Jane Siberry - ever since I fell in
love with her ethereal voice and
haunting, wandering, poetic songs on
her 1986 release The Speckless Sky,
I've spent many a long hour trying
to convince friends that she deserves
deification. Even trying to be objec-
tive, however, I must say that her
new release, Bound By the Beauty, is
one amazing record.
For those unfamiliar with her ma-
terial, my stock description is that
it's to the right of Laurie Anderson
and to the left of Suzanne Vega. That
is not doing her justice, however; her
sound, and especially her voice, are
truly original. Some people describe
it as simply odd; and admittedly
some of the cuts on the new release
(such as The Life Is the Red Wagon
and Everything Reminds Me Of My
Dog) are nothing like standard female
rock vocalist fare. However, on this
album, Siberry tries out many differ-
ent styles; some of the pieces are
reminiscent of the extended art-rock
pieces found on her previous release,
The Walking, while others, including
the shimmering title track, sound
like left-field country/folk rock.
The subjects of Siberry's songs
vary tremendously: Hockey brings
to life a pick-up hockey game on a
frozen Canadian river; Miss Punta
Blanca describes a short affair with a
Cuban motorcycle dealer. The last
song, Are We Dancing Yet? chroni-
cles a romantic seduction in progress:
"Did you just touch my hand? Did
you just kiss my shoulder...?"
She is at her best lyrically when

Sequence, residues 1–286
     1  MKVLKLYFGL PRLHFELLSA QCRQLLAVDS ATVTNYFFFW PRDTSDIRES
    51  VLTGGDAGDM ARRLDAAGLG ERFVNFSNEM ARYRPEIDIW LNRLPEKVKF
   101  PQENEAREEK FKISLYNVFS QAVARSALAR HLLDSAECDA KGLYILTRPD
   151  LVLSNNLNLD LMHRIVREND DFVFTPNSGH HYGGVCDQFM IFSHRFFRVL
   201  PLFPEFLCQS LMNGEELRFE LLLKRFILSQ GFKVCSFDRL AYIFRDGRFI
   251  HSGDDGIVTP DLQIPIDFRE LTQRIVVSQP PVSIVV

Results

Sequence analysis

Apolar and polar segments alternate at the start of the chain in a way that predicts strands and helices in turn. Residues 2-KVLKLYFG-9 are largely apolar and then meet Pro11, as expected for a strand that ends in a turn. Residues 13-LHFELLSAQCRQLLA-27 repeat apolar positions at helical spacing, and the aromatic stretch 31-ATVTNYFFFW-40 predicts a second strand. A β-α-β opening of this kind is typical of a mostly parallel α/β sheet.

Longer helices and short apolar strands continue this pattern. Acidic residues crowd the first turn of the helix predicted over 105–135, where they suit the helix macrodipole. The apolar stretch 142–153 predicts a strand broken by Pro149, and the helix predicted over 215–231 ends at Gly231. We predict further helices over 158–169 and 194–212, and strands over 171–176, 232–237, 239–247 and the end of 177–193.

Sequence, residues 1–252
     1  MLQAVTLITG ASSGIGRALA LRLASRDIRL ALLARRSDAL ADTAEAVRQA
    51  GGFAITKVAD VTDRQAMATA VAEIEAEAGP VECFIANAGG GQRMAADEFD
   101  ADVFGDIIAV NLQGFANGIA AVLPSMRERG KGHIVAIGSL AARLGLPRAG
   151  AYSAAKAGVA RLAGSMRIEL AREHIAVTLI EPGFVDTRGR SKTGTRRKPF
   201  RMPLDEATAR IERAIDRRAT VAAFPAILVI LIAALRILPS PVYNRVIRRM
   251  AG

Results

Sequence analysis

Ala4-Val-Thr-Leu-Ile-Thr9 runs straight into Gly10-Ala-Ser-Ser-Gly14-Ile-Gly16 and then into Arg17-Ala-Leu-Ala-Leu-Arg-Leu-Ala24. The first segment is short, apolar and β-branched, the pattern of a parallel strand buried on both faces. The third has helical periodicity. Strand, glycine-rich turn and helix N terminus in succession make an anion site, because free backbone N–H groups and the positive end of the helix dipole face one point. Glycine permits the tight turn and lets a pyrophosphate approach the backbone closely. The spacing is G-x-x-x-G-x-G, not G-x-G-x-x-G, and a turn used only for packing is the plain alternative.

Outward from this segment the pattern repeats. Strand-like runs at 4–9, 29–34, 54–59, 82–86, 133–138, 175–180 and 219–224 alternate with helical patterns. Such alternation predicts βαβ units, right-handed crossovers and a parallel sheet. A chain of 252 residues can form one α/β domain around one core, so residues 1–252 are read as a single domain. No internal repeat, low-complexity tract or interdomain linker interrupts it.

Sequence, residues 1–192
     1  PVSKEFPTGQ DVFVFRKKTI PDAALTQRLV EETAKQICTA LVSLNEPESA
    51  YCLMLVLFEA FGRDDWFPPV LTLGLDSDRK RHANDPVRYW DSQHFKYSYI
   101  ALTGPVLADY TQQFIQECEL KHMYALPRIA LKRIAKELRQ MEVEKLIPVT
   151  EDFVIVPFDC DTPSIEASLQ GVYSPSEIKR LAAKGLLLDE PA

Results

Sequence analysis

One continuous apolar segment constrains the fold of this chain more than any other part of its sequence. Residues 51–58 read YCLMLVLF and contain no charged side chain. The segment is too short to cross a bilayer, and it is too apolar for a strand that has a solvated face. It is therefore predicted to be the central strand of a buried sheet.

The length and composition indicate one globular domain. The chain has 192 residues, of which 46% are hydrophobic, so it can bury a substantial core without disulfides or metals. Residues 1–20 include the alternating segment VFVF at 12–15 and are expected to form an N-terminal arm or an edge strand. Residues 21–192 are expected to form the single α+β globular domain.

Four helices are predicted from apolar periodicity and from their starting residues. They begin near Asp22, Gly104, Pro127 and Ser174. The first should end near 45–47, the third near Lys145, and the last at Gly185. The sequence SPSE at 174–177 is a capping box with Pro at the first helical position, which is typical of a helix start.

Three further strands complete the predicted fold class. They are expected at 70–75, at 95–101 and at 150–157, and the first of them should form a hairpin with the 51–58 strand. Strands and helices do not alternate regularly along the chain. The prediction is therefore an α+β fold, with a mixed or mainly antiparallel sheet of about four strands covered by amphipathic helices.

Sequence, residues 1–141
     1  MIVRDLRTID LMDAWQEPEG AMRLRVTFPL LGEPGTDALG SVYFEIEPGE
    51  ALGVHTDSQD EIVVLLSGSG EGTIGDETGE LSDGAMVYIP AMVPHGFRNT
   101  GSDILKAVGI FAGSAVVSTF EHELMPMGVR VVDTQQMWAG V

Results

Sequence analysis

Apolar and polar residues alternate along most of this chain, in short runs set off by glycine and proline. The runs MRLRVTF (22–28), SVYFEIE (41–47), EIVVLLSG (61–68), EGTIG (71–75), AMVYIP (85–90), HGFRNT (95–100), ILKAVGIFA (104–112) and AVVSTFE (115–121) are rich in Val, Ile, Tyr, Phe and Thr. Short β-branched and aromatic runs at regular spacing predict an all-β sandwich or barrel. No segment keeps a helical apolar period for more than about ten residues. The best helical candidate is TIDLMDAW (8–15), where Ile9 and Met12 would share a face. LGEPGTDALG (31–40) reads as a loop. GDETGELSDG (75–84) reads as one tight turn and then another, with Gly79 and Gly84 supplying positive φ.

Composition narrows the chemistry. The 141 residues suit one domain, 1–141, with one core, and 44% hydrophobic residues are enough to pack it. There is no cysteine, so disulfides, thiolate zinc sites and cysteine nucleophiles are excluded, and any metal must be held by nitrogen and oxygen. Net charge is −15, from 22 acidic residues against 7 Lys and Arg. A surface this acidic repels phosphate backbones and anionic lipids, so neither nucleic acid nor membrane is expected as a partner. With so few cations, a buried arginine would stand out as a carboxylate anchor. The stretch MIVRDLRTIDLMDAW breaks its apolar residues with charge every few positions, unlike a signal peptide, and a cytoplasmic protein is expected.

she describes moments like these,
but what distinguishes this album's
songs from others she has done are
her uniformly strong melodies. The
album was recorded with very little
overdubbing except for vocals, which
works well for her - never before
has Siberry's band complemented her
dense, yet fragile lyrics so well.

Jane Siberry deserves a wider audi-
ence; if justice is served this albud
will gain her many new fans. Take a
risk on this one; you won't be disap-
-Will Thomas
The Jesus Lizard
Pure EP
Touch and Go Records
The Jesus Lizard? This vinyl gila
monster probably deserves to be cru-
cified simply for its name. God, and
it's engineered by Albini (Big Black,
Rapeman) which does nothing but
spin a web of nightmares about the
direction the Pixies went post-debut
album. Nightmares like that I do not
Unfortunately for JL they are.4
swimming in the wake of some
pretty big names. Chicago - in
which they are based - has been the
soil to spawn a bumper crop of fan-
tastic bands: Breaking Circus, Rifle:
Sport, Arsenal, and of course Al-
bini's own Big Black. Can they
compare? Sadly, no. My insistence
in the past years that any band out of
Chicago sucks if they aren't as good
at what they do as Big Black was has,
caused problems, but let's face it, I
dig good Chi-town music and The
Jesus Lizard ain't it.
Side one is pretty useless - a
collection of inconsistent intensity
and noise crawls around aimlessly,
clawing at a sound they merely
scratch out at their hottest moments.
Comparisons could only verbally de-
face any band these jokers could be
influenced by - but - the music
sounds like Men and Volts at times,
and vocalist David Yow's (Scratch
Acid) scaley growling and deep bel-
lows of course call up memories of
his Chicago predecessors. Like John
Brannon of Laughing Hyenas minus
the angst (i.e., minus the power, in-
fluence, attraction, talent...)
Side two is a bit better, though far
from faultless. Very Wiperish guitar 4
from Duane Denison on "Starlet" -
repetitive riffs laid down like a cur-
tain into which Yow and ex-Acid
mate bassist David Wm. Sims, also
of Rapeman, throw themselves, gi-
ing a taste of what this band could
become. "Starlet" is followed by :a
very dark, coldblooded version of
"Breaking Up is Hard to Do." At best
a novelty.
Not so hot.
-Robert Flaggert

Kick Off College Nites and
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tuesday the 19th with two rocking bands:


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19 and older invited to
J Barrymore's first weekly College Nite